Toronto newspaper sports pages have often reported this spring on the success of an outstanding young athlete. Kingsley Costain, one of the best basketball players in Canada, recently received the Athlete of the Week award from a Toronto, Ontario Canada news source. In the recent Canadian Junior championships, Kingsley’s team from Ontario not only won the title but Kingsley Costain was named tournament MVP What many do not realize is that this exceptional athlete has consistently put his academic studies first even though a learning disability that was diagnosed when he was in Grade 6 often means he must work with much greater effort than many of his peers. Along with basketball coaches, famed officials, players, university and high school coaches and the Toronto Raptors, Costain and other members of the Canadian junior all star basketball team will be honored in a ceremony at the Air Canada Centre at the Toronto Raptors Atlanta Hawks.
Toronto Star sports writer, David Grossman, is especially impressed with Kingsley because of his ability to lead his team to victory. He described Kingsley as an especially motivated, humble young man who will be honored on March for his basketball skills and team efforts, his academic achievements and his personal traits that inspire the best in others.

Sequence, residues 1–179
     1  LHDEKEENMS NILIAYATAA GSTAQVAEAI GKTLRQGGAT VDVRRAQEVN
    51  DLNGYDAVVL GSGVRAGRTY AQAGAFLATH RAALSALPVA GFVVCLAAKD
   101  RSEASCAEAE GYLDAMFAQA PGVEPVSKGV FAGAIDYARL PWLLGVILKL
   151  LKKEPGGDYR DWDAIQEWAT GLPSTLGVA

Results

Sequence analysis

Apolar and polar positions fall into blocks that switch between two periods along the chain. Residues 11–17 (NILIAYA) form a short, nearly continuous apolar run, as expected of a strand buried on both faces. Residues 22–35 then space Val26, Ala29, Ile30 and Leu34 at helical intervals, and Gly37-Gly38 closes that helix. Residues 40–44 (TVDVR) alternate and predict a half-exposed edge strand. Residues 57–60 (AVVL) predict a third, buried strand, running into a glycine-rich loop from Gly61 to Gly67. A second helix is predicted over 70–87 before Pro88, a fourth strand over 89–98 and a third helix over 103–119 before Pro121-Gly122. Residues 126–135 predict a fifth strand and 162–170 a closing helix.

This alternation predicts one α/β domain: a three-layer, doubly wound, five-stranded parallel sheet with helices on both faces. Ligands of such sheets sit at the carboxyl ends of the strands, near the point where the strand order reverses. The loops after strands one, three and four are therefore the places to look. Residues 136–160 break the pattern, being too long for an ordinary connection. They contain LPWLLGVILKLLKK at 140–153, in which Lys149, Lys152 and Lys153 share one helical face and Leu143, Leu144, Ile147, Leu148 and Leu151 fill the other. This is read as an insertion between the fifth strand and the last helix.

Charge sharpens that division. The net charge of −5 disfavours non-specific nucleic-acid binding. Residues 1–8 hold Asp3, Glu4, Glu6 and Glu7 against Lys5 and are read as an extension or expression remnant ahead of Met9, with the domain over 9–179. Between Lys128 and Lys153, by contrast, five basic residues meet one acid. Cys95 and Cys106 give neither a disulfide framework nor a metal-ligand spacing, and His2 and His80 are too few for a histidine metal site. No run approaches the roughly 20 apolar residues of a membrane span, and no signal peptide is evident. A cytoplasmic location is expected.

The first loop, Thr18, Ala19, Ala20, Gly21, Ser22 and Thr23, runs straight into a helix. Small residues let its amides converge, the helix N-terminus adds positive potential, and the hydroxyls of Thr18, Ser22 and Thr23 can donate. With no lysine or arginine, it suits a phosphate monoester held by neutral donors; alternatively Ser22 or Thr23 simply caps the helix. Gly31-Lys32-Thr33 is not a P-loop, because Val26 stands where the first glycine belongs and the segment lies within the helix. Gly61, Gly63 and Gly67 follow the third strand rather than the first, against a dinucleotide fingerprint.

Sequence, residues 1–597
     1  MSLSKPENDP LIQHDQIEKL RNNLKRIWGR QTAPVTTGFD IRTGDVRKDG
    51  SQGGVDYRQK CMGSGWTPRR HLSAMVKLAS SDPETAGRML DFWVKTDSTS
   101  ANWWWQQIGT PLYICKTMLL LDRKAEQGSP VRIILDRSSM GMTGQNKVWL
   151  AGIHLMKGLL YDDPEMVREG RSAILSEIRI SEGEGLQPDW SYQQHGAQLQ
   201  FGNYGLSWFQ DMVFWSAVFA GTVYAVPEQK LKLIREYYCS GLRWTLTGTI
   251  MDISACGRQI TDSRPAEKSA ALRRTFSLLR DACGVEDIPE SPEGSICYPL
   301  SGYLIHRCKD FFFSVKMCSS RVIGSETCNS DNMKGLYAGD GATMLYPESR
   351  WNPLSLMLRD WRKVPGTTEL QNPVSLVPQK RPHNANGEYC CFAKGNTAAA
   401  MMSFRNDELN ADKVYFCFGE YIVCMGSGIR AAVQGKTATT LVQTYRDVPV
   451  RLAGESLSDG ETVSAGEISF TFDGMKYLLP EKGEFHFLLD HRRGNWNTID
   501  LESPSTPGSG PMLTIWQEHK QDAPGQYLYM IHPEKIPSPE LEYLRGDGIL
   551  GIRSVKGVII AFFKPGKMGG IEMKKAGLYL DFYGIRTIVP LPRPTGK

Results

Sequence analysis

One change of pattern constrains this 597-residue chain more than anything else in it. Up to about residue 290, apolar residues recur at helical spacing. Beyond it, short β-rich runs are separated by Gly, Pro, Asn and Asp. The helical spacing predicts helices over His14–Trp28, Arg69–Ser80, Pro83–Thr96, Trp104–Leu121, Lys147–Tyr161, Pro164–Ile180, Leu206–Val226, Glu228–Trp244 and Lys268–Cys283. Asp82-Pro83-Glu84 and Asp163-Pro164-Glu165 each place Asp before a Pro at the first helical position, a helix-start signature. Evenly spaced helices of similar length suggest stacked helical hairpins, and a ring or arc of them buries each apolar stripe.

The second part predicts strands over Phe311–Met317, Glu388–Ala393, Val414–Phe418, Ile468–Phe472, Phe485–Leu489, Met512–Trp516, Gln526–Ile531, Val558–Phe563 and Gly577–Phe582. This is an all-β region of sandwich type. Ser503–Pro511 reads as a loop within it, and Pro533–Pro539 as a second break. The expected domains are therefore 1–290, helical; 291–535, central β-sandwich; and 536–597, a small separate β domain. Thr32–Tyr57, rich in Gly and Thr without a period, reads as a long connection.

Kingsley’s story is more than that of an outstanding athlete and team leader. He is also a motivated student. “What impresses me most about this young man,” said his high school principal, “is his dedication to learning. Kingsley puts his school work first. He does not miss school. This has been even more difficult for him this year. Ontario is shifting from having a Grade 13 to having the termination of high school at Grade 12. This has meant changes in the amount of material to be learned. For a student with a learning disability this can be even more difficult. Kingsley has worked to meet the challenge.”